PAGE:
When ECB-president Mario Draghi recently said that “all signs now point to a strengthening and broadening recovery in the euro area” at an ECB meeting in Portugal, equity and bond markets reacted instantly.
The market response was quickly dubbed the ‘mini-Tantrum’ by analysts, as it reminded market watchers of the 2013 Fed Taper Tantrum.
Deutsche Bank analysts decided to add some fuel to the fire, writing in a note shortly after the ‘mini-Tantrum’ that “it could well be that we look back on this week at the end of the year as the one in which the tide finally turned.”
But Leif Hasager, CIO at the Danish wealth manager Formuepleje, doesn’t think there’s that much to worry about.
“What Draghi said confirmed our thesis that things are going well in Europe,” he told Expert Investor. “He was just telegraphing to markets that that normalisation of interest rates is going to happen”
When the ECB released the minutes of the previous ECB meeting in Tallinn in early June, it became clear that was indeed what Draghi had intended to do.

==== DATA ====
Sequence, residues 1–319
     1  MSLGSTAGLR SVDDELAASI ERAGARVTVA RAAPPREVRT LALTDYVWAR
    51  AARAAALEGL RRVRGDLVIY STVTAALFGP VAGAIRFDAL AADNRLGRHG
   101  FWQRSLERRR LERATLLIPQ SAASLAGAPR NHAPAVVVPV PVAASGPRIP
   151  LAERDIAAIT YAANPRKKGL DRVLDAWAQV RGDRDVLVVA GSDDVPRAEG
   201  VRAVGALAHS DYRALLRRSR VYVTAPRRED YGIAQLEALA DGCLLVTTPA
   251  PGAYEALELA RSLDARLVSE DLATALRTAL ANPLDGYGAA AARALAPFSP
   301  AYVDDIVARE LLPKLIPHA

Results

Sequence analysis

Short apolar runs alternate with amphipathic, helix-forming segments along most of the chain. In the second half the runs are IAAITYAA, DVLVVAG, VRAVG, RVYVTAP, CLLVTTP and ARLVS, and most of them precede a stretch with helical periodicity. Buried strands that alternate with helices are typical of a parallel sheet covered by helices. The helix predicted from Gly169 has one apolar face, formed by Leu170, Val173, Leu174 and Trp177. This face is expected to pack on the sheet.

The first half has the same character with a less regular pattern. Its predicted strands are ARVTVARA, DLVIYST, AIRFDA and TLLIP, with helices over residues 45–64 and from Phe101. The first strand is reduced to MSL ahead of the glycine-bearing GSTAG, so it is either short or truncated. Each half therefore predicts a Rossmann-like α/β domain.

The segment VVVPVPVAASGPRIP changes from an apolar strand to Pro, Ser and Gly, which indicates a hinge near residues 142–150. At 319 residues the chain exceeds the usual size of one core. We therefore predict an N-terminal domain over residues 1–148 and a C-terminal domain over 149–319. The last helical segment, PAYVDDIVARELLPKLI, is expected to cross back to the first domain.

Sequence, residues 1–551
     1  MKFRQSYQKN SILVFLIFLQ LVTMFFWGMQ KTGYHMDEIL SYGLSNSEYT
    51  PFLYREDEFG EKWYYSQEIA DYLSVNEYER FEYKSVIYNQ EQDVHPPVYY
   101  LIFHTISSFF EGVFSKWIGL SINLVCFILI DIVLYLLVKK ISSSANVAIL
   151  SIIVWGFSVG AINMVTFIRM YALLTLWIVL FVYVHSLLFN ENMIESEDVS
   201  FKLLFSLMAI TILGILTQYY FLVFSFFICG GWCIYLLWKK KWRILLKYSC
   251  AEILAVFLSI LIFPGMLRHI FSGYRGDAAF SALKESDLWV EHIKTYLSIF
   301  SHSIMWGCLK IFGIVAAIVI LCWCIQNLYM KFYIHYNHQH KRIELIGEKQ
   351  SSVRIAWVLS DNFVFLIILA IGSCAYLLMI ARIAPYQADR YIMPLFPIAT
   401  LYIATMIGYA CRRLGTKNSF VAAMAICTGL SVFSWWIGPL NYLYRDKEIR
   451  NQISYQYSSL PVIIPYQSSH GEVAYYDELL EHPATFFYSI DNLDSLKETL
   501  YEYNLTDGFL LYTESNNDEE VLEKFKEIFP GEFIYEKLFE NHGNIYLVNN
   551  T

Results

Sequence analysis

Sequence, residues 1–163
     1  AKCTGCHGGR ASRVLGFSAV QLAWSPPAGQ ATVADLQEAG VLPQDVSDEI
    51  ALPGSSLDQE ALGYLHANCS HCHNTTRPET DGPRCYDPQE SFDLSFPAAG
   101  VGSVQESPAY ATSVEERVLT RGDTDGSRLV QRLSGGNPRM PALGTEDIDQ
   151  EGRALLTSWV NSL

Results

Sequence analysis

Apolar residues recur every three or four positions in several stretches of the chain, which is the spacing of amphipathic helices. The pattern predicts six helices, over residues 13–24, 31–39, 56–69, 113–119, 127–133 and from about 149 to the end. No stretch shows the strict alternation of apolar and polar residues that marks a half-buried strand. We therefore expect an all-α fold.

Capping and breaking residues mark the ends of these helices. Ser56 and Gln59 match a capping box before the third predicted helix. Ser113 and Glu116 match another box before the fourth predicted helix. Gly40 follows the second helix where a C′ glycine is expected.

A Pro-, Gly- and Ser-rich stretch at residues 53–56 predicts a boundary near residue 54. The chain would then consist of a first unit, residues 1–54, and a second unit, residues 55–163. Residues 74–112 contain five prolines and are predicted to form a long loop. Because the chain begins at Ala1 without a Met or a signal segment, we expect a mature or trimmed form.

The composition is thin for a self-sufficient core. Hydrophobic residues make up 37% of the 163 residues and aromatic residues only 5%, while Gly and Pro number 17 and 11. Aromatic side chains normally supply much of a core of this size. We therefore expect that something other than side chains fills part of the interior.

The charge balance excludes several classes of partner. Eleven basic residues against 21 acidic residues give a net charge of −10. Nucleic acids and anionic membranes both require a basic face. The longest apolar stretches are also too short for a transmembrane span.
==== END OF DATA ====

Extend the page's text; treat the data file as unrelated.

The minutes basically echoed Draghi’s Sintra comments, referring to “a possibly stronger than expected economic upswing” in the eurozone, which was “raising the prospect of an increasingly self-sustained recovery over the medium term.”
If the European recovery indeed becomes “self-sustained”, this implies central bank asset purchases are no longer needed.
Banks stocks extended recent gains on this prospect, while bond proxies took another hit. Government bond yields also advanced further, with the 10-year German Bund yield exceeding the psychologically important 0.5% mark for the first time since January 2016. By Friday afternoon, 10-year Bunds traded at 0.571%, with yields having more than doubled in less than two weeks.
The recent market moves have further darkened prospect for duration, investors believe. Being underweight duration has therefore fast become a consensus trade.
“The ECB paring back its asset purchasing programme won’t do much to the short end of the curve, and investors are therefore advised to keep with a relatively short-duration,” says Hasager.
“In our bond portfolio, we have an average duration of 2-2.5 years now, and we even hedge out the interest rate risk via swaps.”
Luis Miguel Alvarenga, head of asset allocation at Banco BPI Gestao de Activos in Lisbon, “marginally cut some duration trades” amid the mini-Tantrum. “I struggle to find value in core government bonds,” he says.
Alvarenga has a large allocation to Portuguese government bonds instead, and that hasn’t done him any harm this year. Where most other government bond yields, including Spanish and Italian 10-year yields, have risen, Portuguese government bond yields have come down.